Monthly Archives: August 2015

Nine Tips for Better Cyber Security

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Our Increasing dependence on information technology and networks has brought tremendous efficiency to our work and personal lives, but with these efficiencies come risks; particularly risks from cybercrime. According to an October 2014 independent study conducted by Ponemon Institute, the percentage of businesses impacted by malware and other kinds of cyber fraud is up 144 percent, and a survey by Experian↗ found that 60 percent of small businesses that suffer a cyber attack are out of business within one year due to the costs of customer notification, lawsuits, etc. Small and medium-sized businesses can be especially vulnerable since they often do not have the same level of resources as larger companies to defend their information technology systems and track their financial transactions on a frequent or daily basis. While protecting your business against cyber criminals may require a combination of special resources and a change in workplace procedures, here are a few basic steps that you can take at work and at home to reduce your risk of being hacked, spoofed, falling victim to computer viruses and Trojan horses or having your identity stolen.

  1. Keep your computer secure. Install and run anti-virus and anti-spyware and make sure you keep these up to date to protect against new threats. Use the latest versions of Internet browsers, such as Firefox, Google Chrome and Internet Explorer, and make sure your operating system and applications are updated regularly.
  2. Use a separate, dedicated computer for online banking – this decreases your chance of infection with malware because you are unlikely to encounter these programs on trusted banking sites. Do not use this computer for general web browsing and email.
  3. Never share usernames and passwords –use strong passwords with a combination of lower and upper case letters, numbers and symbols, and change your passwords if you suspect they could have been compromised. Use different passwords for the main applications you use. For example, your online banking password should be different than your email password.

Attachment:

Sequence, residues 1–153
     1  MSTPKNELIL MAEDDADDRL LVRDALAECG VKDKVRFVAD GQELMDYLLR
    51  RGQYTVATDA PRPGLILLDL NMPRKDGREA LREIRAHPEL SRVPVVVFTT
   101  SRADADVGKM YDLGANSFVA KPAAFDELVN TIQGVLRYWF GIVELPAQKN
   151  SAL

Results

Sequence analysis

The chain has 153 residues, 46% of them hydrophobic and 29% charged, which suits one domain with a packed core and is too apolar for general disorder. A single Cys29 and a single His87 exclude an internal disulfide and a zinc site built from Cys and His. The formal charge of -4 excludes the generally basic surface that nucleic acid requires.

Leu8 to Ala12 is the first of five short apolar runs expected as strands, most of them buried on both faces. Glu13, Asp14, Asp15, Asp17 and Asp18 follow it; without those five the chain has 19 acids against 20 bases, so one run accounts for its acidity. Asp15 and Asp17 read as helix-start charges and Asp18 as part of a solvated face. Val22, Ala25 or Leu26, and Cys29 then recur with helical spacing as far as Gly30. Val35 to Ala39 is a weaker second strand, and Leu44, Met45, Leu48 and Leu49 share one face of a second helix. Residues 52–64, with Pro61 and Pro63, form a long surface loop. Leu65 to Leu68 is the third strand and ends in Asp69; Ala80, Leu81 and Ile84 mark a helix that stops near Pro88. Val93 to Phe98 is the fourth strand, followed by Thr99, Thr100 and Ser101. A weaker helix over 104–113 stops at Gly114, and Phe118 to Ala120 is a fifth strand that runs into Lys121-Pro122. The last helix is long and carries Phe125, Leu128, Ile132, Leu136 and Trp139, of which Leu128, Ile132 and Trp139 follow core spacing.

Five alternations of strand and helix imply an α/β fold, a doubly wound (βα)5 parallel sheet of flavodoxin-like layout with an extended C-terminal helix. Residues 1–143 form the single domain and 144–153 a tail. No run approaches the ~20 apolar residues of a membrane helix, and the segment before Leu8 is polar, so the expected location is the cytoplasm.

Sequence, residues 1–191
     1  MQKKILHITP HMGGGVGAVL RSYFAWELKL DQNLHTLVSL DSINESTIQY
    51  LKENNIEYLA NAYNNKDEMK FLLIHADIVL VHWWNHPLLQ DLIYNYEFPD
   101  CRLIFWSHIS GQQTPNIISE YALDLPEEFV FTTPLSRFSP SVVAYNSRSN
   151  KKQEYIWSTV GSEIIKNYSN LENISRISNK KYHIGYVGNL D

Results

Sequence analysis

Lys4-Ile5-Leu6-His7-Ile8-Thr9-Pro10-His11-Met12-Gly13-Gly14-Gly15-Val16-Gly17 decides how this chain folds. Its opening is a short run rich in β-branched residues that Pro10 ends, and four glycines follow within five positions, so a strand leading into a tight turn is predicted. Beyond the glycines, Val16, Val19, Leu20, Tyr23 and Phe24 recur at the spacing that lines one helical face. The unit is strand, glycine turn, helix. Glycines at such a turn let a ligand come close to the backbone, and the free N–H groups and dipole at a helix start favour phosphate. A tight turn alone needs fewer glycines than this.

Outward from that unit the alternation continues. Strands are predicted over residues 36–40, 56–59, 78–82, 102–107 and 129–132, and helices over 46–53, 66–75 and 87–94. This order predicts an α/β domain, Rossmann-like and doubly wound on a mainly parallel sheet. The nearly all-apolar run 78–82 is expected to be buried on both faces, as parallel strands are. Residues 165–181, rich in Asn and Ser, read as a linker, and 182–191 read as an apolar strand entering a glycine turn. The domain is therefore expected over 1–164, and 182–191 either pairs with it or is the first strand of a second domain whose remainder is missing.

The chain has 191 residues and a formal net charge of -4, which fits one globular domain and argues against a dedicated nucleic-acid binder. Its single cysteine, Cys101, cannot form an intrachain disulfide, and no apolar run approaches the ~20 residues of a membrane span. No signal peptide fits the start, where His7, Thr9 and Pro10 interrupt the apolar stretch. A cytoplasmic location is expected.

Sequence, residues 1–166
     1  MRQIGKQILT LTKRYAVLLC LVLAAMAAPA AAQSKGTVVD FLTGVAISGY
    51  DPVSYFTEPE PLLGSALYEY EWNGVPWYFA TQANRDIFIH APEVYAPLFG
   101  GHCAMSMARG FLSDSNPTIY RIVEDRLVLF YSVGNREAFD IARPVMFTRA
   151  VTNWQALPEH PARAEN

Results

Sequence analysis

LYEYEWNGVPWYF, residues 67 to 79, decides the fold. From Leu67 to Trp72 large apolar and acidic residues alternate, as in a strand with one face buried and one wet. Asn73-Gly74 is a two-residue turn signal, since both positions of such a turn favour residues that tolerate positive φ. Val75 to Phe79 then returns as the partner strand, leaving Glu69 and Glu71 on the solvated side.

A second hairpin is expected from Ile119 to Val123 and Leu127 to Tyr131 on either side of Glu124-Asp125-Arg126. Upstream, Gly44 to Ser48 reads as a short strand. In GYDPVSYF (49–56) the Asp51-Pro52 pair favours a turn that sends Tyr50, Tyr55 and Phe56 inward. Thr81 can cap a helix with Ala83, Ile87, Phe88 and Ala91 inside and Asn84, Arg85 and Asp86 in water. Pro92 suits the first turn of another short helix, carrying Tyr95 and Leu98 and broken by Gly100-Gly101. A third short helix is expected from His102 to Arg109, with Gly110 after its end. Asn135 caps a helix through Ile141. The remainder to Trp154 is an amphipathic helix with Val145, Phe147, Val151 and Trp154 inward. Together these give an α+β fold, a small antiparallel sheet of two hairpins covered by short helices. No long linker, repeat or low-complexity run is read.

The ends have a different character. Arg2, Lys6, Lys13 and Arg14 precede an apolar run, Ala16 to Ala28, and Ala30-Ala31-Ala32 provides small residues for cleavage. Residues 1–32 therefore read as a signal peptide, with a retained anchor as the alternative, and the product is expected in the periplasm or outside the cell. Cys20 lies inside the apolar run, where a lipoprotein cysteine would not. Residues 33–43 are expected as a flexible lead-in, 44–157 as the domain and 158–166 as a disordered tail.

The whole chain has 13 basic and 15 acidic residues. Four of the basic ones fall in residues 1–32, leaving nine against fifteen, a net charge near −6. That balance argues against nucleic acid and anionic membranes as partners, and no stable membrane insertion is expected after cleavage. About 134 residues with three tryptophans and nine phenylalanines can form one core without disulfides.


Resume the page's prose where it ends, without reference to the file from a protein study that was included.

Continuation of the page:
4. Use email safely. Don’t click on links within your email – instead, open your browser and search for the company that supposedly sent the link. Be cautious about opening attachments or downloading files from unfamiliar sources. These files can contain viruses or other software that can jeopardize your computer’s security.
  5. Don’t give out personal information over the phone or via email unless you have initiated the contact. Even if the email looks like it’s coming from someone you know, the person’s email may have been hacked.
  6. Never use unprotected Internet connections – In addition to using only secure connections, make sure websites asking for sensitive information are secure. These websites will show up in your browser with a lock icon in its toolbar that, when clicked, should display an info sheet, including the company’s name. Also, the URL should start with “https” instead of “http.”
  7. Educate your employees, family, housemates or anyone else who has access to your computer network and/or your financial information about cyber security best practices. You should also discuss monitoring account information and billing statements regularly for unauthorized charges and withdrawals.
  8. Do not keep your passwords on your computer in a Word document. While this practice is convenient for cutting and pasting and may protect against key logging software that can grab your keystrokes, this technique leaves the user vulnerable to clipboard loggers that capture the contents of the clipboard. Documents on your computer, even when password protected, are also vulnerable to skilled hackers. A better idea is to use a password manager program – some of which are free. PCMag.com offers an overview of these programs here.↗